Recreate the Northern Light with Glass and Film

Thanks to electrically charged solar particles colliding into the earth’s atmosphere, the Aurora borealis gifts the northern skies with dancing colours. And this local phenomenon has provided inspiration for the glazing at the University of Alaska Fairbanks’ new student centre.

Following a number of light and colour studies, the architect practice of Perkins + Will envisioned a façade of floor to ceiling windows with both clear glass and coloured glass ranging from blue to orange to raspberry – reflecting the spectacular colour phenomenon of the Northern Lights.

The challenge in creating the effect of course was achieving this much exterior glass in Alaska, where super cold winters require super powered insulation and a minimum of glass surfaces. To combat the climate, the architects positioned a specially insulated spandrel every 10 feet. In addition to the triple-glazing, with two low-E coatings, the coloured panels are laminated inside and out with a micro-thick translucent film. In order to achieve the colour vibrancy of the Aurora borealis, the films were layered together, resulting in multiple piles of the film. A lime green effect for example required several pairs of blue film, along with a number of yellow sheets.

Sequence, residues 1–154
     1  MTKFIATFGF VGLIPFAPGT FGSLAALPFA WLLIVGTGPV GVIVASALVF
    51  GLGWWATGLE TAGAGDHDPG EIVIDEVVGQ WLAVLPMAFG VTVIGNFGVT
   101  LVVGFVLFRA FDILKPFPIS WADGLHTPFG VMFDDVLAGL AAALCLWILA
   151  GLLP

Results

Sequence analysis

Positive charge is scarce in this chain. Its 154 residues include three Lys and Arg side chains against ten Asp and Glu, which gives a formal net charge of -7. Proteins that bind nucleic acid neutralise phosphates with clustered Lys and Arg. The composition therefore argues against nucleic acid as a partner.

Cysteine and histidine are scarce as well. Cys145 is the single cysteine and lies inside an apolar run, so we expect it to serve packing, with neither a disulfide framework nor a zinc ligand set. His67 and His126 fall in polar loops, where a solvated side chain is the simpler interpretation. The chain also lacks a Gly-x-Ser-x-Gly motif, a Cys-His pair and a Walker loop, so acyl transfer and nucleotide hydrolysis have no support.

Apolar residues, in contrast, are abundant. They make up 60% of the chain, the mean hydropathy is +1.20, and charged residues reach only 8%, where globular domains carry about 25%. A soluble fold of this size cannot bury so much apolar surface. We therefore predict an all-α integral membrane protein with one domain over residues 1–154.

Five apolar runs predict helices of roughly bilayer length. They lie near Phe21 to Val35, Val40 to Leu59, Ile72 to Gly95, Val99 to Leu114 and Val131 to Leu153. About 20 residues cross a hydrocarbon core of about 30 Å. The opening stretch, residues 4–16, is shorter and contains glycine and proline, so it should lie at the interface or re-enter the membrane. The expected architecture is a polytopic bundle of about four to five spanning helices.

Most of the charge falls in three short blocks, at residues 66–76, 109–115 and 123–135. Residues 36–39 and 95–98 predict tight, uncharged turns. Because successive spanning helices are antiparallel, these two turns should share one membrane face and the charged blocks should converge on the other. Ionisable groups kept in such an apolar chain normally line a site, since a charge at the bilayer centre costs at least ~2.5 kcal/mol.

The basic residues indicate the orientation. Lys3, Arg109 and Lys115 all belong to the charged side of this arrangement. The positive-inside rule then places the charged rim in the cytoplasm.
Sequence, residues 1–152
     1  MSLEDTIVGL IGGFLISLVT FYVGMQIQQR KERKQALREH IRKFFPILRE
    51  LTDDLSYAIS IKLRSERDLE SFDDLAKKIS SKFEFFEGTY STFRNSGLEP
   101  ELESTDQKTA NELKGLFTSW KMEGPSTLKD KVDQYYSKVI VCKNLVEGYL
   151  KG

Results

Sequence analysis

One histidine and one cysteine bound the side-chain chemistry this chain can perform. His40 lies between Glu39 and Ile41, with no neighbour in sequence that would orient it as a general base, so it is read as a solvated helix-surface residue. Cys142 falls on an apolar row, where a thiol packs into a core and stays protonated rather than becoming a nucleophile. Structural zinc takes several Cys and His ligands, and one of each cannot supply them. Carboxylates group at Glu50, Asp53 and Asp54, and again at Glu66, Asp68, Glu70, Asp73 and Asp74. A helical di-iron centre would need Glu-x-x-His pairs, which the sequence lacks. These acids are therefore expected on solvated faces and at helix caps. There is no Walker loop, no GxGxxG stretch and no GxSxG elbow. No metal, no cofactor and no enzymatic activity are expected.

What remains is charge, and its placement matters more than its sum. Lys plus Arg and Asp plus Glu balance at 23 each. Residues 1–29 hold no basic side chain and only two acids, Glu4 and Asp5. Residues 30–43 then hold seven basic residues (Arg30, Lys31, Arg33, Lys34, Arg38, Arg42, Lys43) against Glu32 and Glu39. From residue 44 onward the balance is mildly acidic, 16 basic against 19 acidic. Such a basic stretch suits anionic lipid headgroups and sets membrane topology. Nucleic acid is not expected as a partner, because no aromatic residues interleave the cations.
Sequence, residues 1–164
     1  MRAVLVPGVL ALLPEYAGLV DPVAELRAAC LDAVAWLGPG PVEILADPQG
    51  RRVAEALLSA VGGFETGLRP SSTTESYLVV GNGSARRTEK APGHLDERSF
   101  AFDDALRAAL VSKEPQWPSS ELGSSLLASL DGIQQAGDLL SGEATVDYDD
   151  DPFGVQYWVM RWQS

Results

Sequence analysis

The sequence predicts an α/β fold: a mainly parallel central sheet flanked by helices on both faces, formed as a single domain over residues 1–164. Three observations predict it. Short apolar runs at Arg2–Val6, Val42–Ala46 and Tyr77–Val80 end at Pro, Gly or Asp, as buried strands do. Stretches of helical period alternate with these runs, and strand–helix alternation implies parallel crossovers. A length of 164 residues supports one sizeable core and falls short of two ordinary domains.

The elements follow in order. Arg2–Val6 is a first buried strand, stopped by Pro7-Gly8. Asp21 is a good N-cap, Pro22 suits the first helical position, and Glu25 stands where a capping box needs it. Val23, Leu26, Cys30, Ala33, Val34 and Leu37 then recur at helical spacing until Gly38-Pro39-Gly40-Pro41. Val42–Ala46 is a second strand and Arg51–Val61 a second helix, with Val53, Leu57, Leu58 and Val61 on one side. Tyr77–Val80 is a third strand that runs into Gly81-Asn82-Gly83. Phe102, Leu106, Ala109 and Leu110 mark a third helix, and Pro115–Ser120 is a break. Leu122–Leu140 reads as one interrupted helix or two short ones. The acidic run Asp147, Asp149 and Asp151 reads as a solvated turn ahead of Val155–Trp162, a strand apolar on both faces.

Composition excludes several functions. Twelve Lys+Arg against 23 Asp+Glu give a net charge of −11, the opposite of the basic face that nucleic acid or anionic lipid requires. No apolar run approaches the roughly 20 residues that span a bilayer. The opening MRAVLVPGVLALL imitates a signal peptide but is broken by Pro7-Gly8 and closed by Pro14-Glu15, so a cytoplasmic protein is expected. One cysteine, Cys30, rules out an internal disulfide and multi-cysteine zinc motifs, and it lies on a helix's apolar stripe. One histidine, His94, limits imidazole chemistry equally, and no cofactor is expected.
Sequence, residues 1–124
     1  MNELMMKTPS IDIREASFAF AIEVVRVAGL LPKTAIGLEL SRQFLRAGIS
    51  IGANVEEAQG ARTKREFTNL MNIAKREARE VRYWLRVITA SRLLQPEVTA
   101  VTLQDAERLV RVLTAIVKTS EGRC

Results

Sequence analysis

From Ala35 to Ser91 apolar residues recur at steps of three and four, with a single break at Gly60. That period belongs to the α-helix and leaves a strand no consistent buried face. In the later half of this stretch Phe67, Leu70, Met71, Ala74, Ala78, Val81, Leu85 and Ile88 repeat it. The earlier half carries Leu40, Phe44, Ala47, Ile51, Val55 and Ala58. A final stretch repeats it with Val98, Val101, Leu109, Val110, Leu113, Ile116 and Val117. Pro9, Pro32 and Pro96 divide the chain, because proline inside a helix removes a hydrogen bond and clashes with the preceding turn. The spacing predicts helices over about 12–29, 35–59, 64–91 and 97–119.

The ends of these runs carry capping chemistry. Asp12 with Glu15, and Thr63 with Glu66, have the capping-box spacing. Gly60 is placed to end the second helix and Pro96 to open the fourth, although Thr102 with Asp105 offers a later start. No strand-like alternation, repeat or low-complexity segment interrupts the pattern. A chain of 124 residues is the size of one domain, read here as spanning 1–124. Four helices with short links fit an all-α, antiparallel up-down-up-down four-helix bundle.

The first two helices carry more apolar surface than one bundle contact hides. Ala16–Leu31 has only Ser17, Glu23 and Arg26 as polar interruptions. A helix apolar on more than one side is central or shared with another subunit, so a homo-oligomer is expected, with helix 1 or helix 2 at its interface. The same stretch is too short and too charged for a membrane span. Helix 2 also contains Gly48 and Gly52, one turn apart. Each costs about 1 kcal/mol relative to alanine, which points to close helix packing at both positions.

Nice lights!